Within these broad concepts are quite different premises. Observing that embodied perspectives operate on multiple abstraction levels, from the nature of physical phenomena to more abstract concepts, we argue that it is necessary to bring clarity to the diverse approaches towards embodiment in science education. As researchers, we need to disentangle the complex experience of “having a physical body in a physical world” (Roth & Lawless, 2002, p. 336) to fully realise the theoretical and practical benefits of embodied perspectives.

Consequently, this paper aims to clarify and contextualise different perspectives of embodiment and examine the implications of these perspectives in science education research and practice. In line with Merleau-Ponty (1962) and the phenomenological tradition, we conceptualise the body in a double sense: first, as the context of cognitive mechanisms and second, as a lived, experiential structure. Building on ecological and interactionist traditions, we extend and complement this double sense of embodiment by adding two more senses: the ecological and interactionist senses of embodiment describe the relationship between the body and its material and sociocultural environment. Together, these four senses provide distinct perspectives on embodiment, and they become our organising principles to study the role of the body in science education.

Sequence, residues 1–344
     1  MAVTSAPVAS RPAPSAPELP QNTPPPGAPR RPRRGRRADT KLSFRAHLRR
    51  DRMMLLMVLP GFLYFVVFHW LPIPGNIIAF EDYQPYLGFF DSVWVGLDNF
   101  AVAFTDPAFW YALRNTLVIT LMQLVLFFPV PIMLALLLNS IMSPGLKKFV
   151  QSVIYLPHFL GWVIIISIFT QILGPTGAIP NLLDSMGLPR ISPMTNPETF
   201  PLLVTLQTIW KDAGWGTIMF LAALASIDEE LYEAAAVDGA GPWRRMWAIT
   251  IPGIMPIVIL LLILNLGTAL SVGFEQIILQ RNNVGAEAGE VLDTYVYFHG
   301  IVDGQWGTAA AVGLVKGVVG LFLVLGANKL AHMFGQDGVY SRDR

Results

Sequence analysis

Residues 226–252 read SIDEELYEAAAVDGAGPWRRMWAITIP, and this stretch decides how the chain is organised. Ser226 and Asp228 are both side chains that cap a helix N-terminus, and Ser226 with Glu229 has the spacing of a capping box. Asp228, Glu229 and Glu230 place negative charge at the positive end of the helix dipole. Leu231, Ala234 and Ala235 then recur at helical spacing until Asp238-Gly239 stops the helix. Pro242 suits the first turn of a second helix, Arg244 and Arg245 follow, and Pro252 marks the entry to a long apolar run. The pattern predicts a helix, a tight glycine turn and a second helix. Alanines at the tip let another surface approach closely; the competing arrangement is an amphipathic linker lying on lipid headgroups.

To examine how different claims of embodiment and embodied cognition bear on science education research and practice, we present a series of recent examples taken from empirical studies in science education. The four senses of embodiment act as lenses to bring the use of embodied perspectives into sharper focus. We show how each sense of embodiment supports very different analytic approaches to researching science learning and prompts unique considerations for designing science education activities. Our goal is not to advocate for one sense over the other but to show that there are significant implications for adopting a particular sense even implicitly. By distinguishing these senses, we are advocating for more nuanced language around embodied cognition in science education.